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Cellular IoT Explained: A Quickfire Guide to Mobile Connectivity

The emergence of the Internet of Things has seen billions of connections of physical devices seamlessly exchanging data - driving innovation in smart homes and factories worldwide.

IoT billions of connections

These devices often speak to each other via wireless communication protocols, depending on geographic location, budget and power consumption needs.

Typically speaking, Wi-Fi is one of the most popular IoT communication protocols, especially for Local Area Networks, which require fast data transfer across a defined location. Wi-Fi is cost-effective and easy to deploy – so there is little surprise that it plays a central role in most IoT environments.

But in some circumstances, Wi-Fi has its drawbacks. It is, for example, limited in its range – although it can be augmented through extenders and mesh networking - and it is more vulnerable to security threats. Wi-Fi networks also need a network router and have limited coverage. So, for the engineer looking to establish an IoT connection, there are necessary trade-offs to consider.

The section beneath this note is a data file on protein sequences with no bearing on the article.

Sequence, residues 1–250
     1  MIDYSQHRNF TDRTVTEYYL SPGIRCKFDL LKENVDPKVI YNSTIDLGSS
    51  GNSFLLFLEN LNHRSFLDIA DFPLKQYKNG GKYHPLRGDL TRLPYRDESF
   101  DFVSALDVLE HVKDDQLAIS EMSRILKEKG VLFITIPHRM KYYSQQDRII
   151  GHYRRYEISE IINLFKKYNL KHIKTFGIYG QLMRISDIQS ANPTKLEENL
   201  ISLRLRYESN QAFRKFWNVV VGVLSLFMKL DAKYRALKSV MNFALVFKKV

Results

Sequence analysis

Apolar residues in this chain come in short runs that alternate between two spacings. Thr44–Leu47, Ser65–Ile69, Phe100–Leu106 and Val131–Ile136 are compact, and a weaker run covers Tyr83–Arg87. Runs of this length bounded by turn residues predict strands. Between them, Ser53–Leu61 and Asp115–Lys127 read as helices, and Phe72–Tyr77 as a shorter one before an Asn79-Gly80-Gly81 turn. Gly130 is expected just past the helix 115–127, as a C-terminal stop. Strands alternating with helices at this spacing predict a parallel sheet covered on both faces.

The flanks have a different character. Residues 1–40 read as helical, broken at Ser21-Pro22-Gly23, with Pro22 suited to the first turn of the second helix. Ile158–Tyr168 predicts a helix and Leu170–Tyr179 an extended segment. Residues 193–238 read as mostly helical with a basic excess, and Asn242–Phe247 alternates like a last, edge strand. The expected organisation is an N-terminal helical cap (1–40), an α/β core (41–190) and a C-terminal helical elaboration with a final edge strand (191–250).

If Wi-Fi is not the answer, what else might be the solution? Step forward cellular IoT – a technology that makes it possible to connect physical objects to the Internet using the same cellular network deployed by the smartphone in your pocket. At a simple level, cellular IoT connects IoT devices using established mobile networks, including 3G, 4G/LTE or 5G – eliminating the need to invest and deploy a separate dedicated network infrastructure.

The benefits offered by cellular IoT mean that it has become a big business. According to recent research, the global cellular IoT market was valued at almost $4 billion in 2021 and is expected to grow to $15.4 billion by 2027. This rapid expansion is being built on increasing cellular IoT deployment in areas such as city infrastructure and building automation, agricultural automation and environmental monitoring.

Cellular IoT brings a distinct operational advantage in each case over other communication protocols, such as Wi-Fi, thanks to its unique technical characteristics. So, let us take a deeper dive into the A-to-Z of cellular IoT, understanding how it works and why it could be used to support your future IoT deployments.

What infrastructure would a typical cellular IoT network require?